Appraisal myths debunked
By law, an appraiser must be state-licensed to offer appraisals for federally-related purchases. The law allows you to acquire a copy of your completed report from your lending agency after it has been provided. Contact our professional staff if you have any concerns about the appraisal procedure.
Myth: The value that is assessed by the appraiser will be the same as the market value.
Fact: While most states back the idea that assessed value is equal to estimated market value, this commonly is not the case. Sometimes when interior remodeling has occurred and the assessor is not aware of the improvement or other homes in the Las Vegas have not been reassessed for quite some time, it may vary wildly.
Myth: Depending on whether the appraisal is provided for the buyer or the seller, the appraised value of the house will vary.
Fact: The appraiser has no personal interest in the outcome of the appraisal and should conduct his job with independence, objectivity and impartiality - no matter for whom the appraisal is written.
Myth: Any time market value is found, it should be the same as the replacement cost of the property.
Fact: The way market value is derived is based on what a buyer would be willing to pay a willing seller for a house without being under pressure from any external party to purchase or sell. If the house were reconstructed, the dollar amount needed to do so would be the replacement cost.
Myth: There are specific ways that real estate appraisers use to determine the cost of a home, like the price per square foot.
Fact: There are many different processes that an appraiser will use to make a detailed investigation of every factor in consideration of the house, such as the size, location, condition, how close it is to specific facilities and the value of recently sold comparable homes.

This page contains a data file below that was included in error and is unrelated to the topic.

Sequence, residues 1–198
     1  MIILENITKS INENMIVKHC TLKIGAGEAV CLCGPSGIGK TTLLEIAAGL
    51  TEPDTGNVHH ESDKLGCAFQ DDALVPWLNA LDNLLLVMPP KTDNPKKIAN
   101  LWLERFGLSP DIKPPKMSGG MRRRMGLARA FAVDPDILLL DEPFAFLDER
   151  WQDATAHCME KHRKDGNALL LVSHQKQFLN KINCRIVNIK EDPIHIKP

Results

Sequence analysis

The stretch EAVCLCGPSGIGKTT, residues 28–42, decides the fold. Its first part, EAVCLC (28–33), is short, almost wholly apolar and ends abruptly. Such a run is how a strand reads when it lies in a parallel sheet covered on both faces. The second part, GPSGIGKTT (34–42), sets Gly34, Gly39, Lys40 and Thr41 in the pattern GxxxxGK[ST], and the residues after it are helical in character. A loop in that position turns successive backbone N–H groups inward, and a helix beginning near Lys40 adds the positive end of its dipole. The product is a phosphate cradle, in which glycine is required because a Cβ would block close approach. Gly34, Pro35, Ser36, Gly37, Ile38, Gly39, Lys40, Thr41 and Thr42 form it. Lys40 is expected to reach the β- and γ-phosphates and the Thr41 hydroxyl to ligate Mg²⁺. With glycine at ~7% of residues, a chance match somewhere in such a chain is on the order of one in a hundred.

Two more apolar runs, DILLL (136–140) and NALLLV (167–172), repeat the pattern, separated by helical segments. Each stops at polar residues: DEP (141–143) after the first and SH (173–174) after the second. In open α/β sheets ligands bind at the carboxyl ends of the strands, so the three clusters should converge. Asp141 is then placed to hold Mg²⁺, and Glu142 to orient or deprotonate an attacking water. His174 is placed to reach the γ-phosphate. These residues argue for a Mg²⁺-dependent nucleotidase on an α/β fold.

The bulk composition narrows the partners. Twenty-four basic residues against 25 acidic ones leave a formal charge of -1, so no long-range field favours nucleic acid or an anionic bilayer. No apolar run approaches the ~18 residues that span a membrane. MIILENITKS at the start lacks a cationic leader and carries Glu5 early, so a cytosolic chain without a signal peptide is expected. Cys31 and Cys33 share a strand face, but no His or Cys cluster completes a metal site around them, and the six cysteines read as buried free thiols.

Myth: When the economy is robust and the sales prices of properties are reported to be rising by a certain percentage, the other properties in the proximity can be expected to appreciate based on that same percentage.
Fact: Value increase of a certain property has to be determined on an individualized basis, factoring in information on comparable houses and other relevant specifications within the property itself. It doesn't matter if the economy is on the rise or declining.
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Myth: Just examining what the property looks like on its exterior gives a good idea of its worth.
Fact: Property value is determined by a number of factors, including - but not limited to - area, condition, improvements, amenities, and market trends. An exterior inspection obviously can't provide all of the information necessary.
Myth: Because consumers fund appraisal reports when applying for loans to buy or refinance their home, they legally own their appraisal report.
Fact: Legally, the appraisal is owned by the lending company unless the lender relinquishes their interest in the document. Because of the Equal Credit Opportunity Act, any home buyer demanding a copy of the appraisal report must be provided with it by their lending company.
Myth: It doesn't mean anything to consumers what's in the report so long as it meets the needs of their lending agency.
Fact: Only if consumers look through a copy of their report can they ensure its accuracy and possibly need to question the result. Remember, this is probably the most expensive and important investment a consumer will ever make. Also, the report makes an invaluable record for future reference, containing useful and often-revealing data - including the legal and physical description of the property, square footage measurements, list of comparable properties in the neighborhood, neighborhood description and a narrative of current real-estate activity and/or market trends in the area.
Myth: Appraisals are ordered only to assess real estate property values in property sales involving mortgage-lending deals.
Fact: Hiring an appraiser can fulfill a variety of needs depending on the designations and certifications of the appraiser involved; appraisers can provide a great deal of different services, including benefit/cost analysis, tax assessment, legal dispute resolution, and even estate planning.
Myth: You shouldn't need to get an appraisal if you get a home inspection.
Fact: A home inspection report has a completely different purpose than an appraisal. The purpose of the appraiser is to conclude an opinion of value in the appraisal process and through creating the report. A home inspector assesses the condition of the property and its main components and reports their findings.